Cyber breaches on supply chain are growing 37% every year - how to secure it against attackers

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Cyber breaches on supply chain are growing 37% every year - how to secure it against attackers
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In the best of times, supply chains are the most sensitive and vulnerable part of a business process. To add to the disruptions caused by the pandemic and the Ukraine Russia war, cyberattacks too are affecting the supply chains.
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In March 2022, the McKinsey Quarterly Global Survey identified global supply chain disruptions as a serious business risk for the first time. Apart from geographic or political instability, a high level of cyber risk vulnerability is adding to the crisis.

Deloitte’s Cyber Threat Intelligence did a deep-dive on the cyber risks that companies have faced to their supply chain over the pandemic’s height, and the results are shocking.

Average cyber breaches on supply chains going up by 37%

As much as 40% of all manufacturing brands faced cyber outages to their operations during the pandemic. BlueVoyant Research’s second Annual Global Survey into Third-Party Cyber Risk Management research says, “97% of firms surveyed have faced

negative impacts due to a cybersecurity breach in their supply chain.”
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It also said that the average number of breaches in weak supply chains has been increasing by 37% year on year, and the growth trend is expected to continue in 2022 as well.

The European Union Agency for Cybersecurity (ENISA) report - Threat Landscape for Supply Chain Attacks, which analyzed 24 major attacks, showed that even strong security in place is not adequate.

Supply chain cyber attacks may go undetected for long periods, but continue to inflict damage on their host. With a steady increase in sophistication and novelty of cyber-attacks, this could mean millions of dollars drained before the company even becomes aware of the vulnerability. Since a supply chain platform houses vendors, customers as well as all production and distribution data — it could be very dangerous.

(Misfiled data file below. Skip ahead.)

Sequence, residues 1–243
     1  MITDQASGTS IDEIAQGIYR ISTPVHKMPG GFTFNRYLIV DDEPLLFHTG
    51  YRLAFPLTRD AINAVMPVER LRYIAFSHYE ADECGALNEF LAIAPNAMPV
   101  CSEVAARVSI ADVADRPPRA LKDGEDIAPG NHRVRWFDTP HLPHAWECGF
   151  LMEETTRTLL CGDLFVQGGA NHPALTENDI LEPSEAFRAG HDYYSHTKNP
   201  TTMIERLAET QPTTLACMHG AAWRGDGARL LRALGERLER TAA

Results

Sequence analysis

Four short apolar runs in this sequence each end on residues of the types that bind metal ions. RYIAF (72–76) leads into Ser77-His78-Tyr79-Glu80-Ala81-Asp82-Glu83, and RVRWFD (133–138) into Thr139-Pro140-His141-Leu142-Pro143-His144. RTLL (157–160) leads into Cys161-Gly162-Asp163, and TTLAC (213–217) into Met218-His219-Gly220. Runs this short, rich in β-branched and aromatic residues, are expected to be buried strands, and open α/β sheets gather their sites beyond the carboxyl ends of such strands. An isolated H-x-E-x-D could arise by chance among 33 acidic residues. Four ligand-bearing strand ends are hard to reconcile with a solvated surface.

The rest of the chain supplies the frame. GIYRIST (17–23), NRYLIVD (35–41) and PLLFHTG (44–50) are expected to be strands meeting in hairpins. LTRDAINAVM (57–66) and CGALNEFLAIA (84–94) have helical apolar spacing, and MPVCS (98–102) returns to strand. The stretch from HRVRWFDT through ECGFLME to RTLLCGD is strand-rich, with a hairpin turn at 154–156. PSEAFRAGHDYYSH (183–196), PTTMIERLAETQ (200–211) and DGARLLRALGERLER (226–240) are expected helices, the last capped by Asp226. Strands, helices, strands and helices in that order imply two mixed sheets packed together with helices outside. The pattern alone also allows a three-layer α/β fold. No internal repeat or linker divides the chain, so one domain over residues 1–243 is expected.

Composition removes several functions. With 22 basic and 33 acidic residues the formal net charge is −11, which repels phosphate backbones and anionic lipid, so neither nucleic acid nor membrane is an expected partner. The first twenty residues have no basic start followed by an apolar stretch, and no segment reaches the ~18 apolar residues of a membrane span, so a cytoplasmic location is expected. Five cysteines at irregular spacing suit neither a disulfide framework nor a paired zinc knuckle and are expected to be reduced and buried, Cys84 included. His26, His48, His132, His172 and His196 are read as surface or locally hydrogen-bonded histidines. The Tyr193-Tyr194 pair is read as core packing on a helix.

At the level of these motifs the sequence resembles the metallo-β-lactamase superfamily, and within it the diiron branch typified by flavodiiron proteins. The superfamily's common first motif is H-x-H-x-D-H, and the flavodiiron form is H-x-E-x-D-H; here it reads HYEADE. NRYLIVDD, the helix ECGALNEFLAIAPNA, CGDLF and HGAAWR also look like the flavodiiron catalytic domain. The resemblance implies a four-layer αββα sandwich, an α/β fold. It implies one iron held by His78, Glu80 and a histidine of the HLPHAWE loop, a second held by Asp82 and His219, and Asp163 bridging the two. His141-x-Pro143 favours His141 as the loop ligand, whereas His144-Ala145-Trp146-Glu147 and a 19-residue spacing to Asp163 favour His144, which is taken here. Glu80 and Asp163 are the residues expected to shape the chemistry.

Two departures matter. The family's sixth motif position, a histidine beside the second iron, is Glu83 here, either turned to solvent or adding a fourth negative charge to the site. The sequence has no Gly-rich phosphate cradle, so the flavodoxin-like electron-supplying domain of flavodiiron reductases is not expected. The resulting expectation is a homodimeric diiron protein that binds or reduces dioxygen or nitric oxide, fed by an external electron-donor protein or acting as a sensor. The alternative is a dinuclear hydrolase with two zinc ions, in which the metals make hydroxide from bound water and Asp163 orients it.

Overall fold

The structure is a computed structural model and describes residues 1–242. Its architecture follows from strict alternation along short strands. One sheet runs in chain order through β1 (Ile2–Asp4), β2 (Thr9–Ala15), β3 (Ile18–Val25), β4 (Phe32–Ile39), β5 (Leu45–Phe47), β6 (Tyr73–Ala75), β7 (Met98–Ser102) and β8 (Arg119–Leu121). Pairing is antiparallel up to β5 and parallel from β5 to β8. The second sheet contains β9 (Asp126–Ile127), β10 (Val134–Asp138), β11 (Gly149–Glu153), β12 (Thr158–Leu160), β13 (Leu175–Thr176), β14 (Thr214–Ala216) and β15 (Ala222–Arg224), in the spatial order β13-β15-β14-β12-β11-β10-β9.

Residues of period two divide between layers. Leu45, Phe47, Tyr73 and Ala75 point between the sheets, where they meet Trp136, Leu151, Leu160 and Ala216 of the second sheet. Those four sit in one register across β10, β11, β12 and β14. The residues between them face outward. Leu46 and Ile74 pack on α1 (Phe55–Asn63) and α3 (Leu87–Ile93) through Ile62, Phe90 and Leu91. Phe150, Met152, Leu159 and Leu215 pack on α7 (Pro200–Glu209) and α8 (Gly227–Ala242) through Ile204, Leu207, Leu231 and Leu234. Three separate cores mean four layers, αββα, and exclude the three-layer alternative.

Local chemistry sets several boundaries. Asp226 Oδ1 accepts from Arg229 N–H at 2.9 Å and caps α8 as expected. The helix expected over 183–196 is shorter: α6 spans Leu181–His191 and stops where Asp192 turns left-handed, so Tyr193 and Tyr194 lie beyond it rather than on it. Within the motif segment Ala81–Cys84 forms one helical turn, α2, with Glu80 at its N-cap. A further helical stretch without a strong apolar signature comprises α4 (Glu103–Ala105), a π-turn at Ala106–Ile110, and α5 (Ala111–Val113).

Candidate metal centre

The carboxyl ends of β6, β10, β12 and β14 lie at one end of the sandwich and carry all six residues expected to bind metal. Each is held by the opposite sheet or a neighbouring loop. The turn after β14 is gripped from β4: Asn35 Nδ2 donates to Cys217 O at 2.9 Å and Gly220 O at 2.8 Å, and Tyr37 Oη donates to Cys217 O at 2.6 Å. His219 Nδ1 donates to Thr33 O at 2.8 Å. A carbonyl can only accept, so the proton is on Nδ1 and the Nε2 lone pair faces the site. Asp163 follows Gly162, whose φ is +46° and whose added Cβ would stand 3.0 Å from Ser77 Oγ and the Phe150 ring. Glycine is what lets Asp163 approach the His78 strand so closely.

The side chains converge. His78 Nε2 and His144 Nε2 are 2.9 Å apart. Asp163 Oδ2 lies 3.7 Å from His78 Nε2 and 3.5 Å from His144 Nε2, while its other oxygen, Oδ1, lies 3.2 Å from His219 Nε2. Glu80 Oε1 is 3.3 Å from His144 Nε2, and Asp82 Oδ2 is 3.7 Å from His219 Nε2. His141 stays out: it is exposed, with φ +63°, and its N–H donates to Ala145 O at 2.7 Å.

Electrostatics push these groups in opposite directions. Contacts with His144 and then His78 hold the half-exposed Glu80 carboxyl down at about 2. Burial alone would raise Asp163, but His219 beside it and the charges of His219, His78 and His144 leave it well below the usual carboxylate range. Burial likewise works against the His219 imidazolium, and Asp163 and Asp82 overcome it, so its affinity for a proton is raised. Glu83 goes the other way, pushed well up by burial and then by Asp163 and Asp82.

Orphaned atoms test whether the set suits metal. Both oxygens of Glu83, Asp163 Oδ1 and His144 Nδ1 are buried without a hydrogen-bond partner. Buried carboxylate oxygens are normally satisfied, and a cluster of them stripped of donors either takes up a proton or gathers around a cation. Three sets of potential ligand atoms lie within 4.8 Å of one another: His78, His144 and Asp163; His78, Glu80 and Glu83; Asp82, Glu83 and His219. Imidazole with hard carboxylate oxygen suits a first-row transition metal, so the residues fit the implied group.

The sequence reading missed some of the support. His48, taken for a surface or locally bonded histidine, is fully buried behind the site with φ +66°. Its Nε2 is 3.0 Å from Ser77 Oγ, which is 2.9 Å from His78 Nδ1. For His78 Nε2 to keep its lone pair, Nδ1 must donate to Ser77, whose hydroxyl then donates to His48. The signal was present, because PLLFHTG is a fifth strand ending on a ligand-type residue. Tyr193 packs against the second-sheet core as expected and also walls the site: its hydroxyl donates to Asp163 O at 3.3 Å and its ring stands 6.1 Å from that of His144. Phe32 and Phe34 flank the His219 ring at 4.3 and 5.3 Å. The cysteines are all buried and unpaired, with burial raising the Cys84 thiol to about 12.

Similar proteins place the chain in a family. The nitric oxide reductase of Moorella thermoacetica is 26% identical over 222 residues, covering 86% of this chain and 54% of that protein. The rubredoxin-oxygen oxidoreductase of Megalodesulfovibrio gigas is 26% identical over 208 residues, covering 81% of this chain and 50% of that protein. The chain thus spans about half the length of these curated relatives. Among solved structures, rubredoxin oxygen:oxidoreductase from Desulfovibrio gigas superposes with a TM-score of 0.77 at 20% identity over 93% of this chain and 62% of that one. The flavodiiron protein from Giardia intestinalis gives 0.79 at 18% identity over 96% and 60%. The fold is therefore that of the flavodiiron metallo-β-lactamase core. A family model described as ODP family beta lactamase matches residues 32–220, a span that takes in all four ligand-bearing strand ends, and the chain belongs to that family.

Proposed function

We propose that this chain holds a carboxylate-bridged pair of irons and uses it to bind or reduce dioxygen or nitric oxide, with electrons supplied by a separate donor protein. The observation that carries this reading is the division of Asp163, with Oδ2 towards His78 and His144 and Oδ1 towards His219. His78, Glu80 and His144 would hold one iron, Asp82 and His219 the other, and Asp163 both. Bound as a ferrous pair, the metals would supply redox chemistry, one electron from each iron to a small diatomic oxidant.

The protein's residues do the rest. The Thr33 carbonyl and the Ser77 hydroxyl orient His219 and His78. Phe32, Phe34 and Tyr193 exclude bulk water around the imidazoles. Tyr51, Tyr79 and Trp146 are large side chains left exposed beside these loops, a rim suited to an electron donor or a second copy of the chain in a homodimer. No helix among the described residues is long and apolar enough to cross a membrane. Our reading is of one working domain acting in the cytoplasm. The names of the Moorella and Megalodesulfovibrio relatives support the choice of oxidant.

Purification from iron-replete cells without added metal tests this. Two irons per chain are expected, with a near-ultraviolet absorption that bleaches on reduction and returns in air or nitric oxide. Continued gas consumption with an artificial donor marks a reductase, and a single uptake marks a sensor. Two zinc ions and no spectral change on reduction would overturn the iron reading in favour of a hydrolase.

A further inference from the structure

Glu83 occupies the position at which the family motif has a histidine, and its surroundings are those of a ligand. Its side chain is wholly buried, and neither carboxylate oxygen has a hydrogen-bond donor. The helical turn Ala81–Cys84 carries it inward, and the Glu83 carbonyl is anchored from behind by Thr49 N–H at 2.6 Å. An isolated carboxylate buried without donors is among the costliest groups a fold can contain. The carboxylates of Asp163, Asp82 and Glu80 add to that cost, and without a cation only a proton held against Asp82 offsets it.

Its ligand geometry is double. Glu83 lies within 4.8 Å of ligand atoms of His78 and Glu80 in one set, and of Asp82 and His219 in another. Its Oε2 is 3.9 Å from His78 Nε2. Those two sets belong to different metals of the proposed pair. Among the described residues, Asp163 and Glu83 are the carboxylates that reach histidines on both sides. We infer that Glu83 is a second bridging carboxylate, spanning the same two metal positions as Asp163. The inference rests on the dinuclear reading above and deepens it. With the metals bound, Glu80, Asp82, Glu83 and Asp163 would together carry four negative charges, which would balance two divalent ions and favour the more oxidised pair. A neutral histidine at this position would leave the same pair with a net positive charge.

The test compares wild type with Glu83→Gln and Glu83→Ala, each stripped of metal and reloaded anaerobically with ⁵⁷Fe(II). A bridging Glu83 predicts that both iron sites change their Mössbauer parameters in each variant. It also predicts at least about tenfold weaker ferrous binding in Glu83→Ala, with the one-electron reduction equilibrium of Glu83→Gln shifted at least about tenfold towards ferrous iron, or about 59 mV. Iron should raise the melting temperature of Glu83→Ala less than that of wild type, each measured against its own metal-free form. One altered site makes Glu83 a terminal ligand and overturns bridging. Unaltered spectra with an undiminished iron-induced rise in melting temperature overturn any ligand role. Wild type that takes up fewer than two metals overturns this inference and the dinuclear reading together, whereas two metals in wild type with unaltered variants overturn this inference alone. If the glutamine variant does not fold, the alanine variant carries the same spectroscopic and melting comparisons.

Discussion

They’re coming for your customer data

The ENISA report says that two-thirds of all attacks were through chinks in supplier codes. This immediately identifies the problem and recommends the solution, better validation and verification of supplier codes for security tampering.

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Almost 60% of attacks target customer data which could mean complete annihilation of the business, if successful. So clearly, better control on PII ( Personally Identifiable Information) needs to be in place.

Clearly, between supplier codes and customer Identity data, organizations need to implement much stronger checks and balances on codes, ID, and access data.

Here are a few things CISOs can do to secure their supply chain in these trying times:
  1. Every supply chain element should have a cyber security maturity assessment exercise. While innovation in the supply chain process is welcome, there is a real need to perform a risk assessment for modules or functionalities, regularly. This assessment should cover every new point on the supply chain platform- OT environment, business networks, control systems, and products, and of course advanced IT protection metrics like IP protection, control systems, and even third-party risks. In addition, an inventory of all assets should be securely maintained, and that needs to include patch-relevant information.
  2. Act upon the assessment insights: the result of this assessment needs to be analyzed for doable activities and put into action immediately. They should be the base to create a secure supply chain risk minimization strategy. The risk should be brought to the notice of corporate leadership so that appropriate action can be taken to secure the operations. Defining risk criteria for both suppliers and customers- software dependencies, risk points, loss of critical access control- all need to be identified and documented.
  3. Establishing a leadership-level cybersecurity governance programme: to ensure that proper governance structures are established, to monitor the risk appetite and resiliency of the organization’s OT, including its supply chain.
  4. Digital support for the tech-transformation: While digital transformation has been a buzzword for a couple of years now, the pandemic, and then the Ukraine attack has crunched the timelines- now it is an issue of survival. Getting digitally transformed is a big leap in assuring a more secured, robust, and resilient supply chain platform, across sectors.
All suppliers and service providers need to be screened stringently and their access data and supplier codes should be carefully validated since the source of the attack is often difficult to identify. The same goes for customer ID data. All asset data shared with suppliers need to be classified, and documented and relevant procedures for their security need to be clearly defined and documented.

Despite these checks in place, the threat from cyber miscreants is always present. The cyber threat landscape is constantly evolving, and vulnerability could be housed anywhere. It is the need of the hour for both the decision-makers as well as technology users to ensure no data is breached while keeping in mind the safety of users of the tool.

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